June 14, 2009
June 14, 2009
June 17, 2009
14.87.1 - 14.87.12
A PRACTICAL GLOBAL DESIGN COMPETITION
The Accreditation Board for Engineering and Technology (ABET) has made clear the need for engineering graduates to function on global, multi-disciplinary teams. Industry has also made it clear that global, integrated product and process teams are the current and emerging normal manner of business. To satisfy industry’s need and ABET requirements, Wichita State University has initiated the Spirit Global Design Challenge. Often, these two requirements (teaming and global) are considered independently. One of the key components of the Spirit Global Design Challenge is to integrate multi-disciplinary teaming in a global environment. Eight students from two institutions (four from each institution) on each side of the Atlantic participated in the challenge in the Fall of 2008. Each student, faculty and industry person involved completed a survey concerning their global perceptions. The survey was completed prior to the experience and after completion of the experience. Producing global engineering graduates is a strategic goal of our college which has launched a strategic initiative, the ‘Engineer of 2020,’ in order to prepare graduates for effective engagement in the engineering profession in the year 2020. Both global and multidisciplinary criteria are now part of a program required for all engineering students beginning with the Fall 2007 class. This program will make the educational experience more meaningful to the student and the student more desirable to local, national and international industries. This paper describes the motivation for the Spirit Global Design Challenge, its linkage to ABET outcomes, defines global learning and how it integrates into the Engineer of 2020 program, and provides pilot implementation lessons learned and the initial assessment of students’ global perceptions (pre and post global design experience). The paper then concludes with plans for the next implementation.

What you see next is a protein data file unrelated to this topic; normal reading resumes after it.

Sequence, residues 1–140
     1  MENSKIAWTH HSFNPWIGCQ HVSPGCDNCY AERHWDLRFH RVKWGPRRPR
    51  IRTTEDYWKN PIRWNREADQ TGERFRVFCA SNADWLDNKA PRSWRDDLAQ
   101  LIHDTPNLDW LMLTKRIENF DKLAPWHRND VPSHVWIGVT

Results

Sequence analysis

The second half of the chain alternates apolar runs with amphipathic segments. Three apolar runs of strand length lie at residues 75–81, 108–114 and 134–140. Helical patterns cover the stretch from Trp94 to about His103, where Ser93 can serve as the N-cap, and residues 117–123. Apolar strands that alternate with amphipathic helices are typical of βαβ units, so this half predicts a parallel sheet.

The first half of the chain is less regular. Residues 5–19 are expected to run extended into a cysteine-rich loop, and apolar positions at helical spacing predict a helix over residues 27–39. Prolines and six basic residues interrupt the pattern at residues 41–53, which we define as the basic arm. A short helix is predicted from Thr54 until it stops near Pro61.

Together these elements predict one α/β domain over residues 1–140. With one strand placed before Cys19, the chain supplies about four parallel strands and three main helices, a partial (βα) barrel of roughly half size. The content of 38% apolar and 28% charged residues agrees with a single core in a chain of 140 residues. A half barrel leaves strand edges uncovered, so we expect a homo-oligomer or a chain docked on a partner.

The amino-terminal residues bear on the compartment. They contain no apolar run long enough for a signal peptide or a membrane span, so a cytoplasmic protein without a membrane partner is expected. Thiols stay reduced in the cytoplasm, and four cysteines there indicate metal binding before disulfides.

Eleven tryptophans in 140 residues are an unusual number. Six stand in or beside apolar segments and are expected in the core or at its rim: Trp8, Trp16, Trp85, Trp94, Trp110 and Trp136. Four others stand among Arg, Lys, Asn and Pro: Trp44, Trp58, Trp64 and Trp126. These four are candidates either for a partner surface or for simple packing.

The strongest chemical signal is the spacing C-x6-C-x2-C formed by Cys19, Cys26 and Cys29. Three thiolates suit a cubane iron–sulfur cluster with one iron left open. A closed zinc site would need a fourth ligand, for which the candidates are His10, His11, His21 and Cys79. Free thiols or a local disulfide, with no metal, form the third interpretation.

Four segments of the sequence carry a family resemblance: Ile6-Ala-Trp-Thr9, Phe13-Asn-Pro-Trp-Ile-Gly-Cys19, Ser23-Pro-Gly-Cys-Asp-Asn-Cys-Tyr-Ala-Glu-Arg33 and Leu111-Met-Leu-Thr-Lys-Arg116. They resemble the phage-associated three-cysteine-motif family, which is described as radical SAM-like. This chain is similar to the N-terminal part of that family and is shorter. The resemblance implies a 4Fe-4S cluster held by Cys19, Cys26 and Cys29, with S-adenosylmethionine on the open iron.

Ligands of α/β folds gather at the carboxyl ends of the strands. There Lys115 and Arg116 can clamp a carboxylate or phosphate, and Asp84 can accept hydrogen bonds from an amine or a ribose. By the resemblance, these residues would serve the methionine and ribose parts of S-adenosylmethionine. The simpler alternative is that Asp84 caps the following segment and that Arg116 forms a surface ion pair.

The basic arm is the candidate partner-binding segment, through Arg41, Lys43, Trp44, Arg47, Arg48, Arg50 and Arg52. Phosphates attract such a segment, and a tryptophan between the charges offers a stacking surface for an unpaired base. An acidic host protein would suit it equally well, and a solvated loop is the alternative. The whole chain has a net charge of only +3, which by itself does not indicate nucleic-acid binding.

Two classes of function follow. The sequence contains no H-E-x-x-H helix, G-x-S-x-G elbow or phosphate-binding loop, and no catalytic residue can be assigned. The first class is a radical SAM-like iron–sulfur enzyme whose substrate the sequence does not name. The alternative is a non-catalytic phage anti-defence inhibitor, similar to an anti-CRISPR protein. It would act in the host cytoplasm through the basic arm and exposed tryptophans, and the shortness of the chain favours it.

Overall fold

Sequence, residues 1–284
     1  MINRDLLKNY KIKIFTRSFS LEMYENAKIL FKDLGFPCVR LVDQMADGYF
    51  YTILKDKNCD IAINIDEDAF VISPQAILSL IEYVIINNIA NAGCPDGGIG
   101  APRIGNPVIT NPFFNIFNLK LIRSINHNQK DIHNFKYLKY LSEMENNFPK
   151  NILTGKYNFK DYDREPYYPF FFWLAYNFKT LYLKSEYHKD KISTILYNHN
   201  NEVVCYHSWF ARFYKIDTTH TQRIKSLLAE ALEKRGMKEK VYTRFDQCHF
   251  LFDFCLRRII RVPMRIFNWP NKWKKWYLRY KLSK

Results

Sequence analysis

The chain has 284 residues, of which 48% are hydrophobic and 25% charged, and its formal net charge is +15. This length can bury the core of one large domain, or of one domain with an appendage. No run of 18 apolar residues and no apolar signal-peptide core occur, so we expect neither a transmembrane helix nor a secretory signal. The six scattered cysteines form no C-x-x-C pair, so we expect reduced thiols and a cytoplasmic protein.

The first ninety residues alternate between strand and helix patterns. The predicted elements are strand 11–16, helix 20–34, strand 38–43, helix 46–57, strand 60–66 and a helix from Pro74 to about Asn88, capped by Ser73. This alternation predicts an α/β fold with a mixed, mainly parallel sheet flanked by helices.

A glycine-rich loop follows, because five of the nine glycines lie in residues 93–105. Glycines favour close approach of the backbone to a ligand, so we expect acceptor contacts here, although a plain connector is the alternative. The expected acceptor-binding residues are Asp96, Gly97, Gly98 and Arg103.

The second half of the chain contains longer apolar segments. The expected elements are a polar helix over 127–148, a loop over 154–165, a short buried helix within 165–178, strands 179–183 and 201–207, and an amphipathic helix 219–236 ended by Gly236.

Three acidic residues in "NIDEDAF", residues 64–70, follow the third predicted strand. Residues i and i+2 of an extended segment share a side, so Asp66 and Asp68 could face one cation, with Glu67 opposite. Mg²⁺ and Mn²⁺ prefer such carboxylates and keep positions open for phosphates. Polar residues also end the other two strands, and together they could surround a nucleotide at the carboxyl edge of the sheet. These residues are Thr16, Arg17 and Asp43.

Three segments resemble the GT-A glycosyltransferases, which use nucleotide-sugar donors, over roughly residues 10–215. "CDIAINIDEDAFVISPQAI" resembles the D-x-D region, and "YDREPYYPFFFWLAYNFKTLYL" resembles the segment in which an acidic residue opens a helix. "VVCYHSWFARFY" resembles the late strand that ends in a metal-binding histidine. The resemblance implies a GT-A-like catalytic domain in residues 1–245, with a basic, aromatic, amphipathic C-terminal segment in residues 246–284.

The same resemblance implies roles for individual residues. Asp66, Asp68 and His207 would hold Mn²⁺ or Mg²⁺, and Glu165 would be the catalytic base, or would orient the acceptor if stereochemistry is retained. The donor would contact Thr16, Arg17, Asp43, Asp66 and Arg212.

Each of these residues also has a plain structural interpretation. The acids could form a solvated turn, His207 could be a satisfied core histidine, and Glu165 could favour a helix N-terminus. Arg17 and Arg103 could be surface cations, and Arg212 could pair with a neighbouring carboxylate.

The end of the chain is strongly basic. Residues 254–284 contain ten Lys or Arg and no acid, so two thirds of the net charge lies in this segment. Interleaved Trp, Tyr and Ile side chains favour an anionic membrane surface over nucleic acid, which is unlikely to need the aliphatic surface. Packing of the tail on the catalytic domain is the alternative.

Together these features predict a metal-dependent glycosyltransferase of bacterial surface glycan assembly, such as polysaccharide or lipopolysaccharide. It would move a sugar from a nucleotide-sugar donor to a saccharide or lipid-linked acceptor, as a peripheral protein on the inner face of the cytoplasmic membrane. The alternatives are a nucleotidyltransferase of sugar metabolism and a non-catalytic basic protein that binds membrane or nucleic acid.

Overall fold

I. Introduction and Motivation
Industry has made clear the need to graduate engineers with more than just technical skills. A key component for today’s graduate is the ability to thrive in a globally collaborative workplace. Engineers must work with global colleagues in both face-to-face and computer mediated environments. Efforts to assess virtual team projects have been performed.1 This paper describes the Spirit AeroSystems Global Design Challenge (SGDC) which is an effort to integrate design and global communication. The effort is motivated by Wichita State University’s goal to broaden engineering graduates, and by Industry’s demand for well rounded graduates, as well as the Accreditation Board for Engineering and Technology (ABET) criteria for accrediting engineering programs.
The GDC is a collaboration among Spirit AeroSystems and two university partners. In 2008, the university partners were Wichita State University (WSU) and the University of Manchester (UM). Spirit AeroSystems is the largest tier 1 supplier in the aerospace industry, providing aero structures and systems. Spirit has worldwide facilities in Wichita, KS; Tulsa, Oklahoma; McAlester, Oklahoma; Prestwick, Scotland; Samlesbury, UK; and joint ventures in Moscow, Russia; Malaysia; and China. The 2008 Challenge involved students and faculty from the two universities and practicing engineers from two Spirit AeroSystems sites. The participants were
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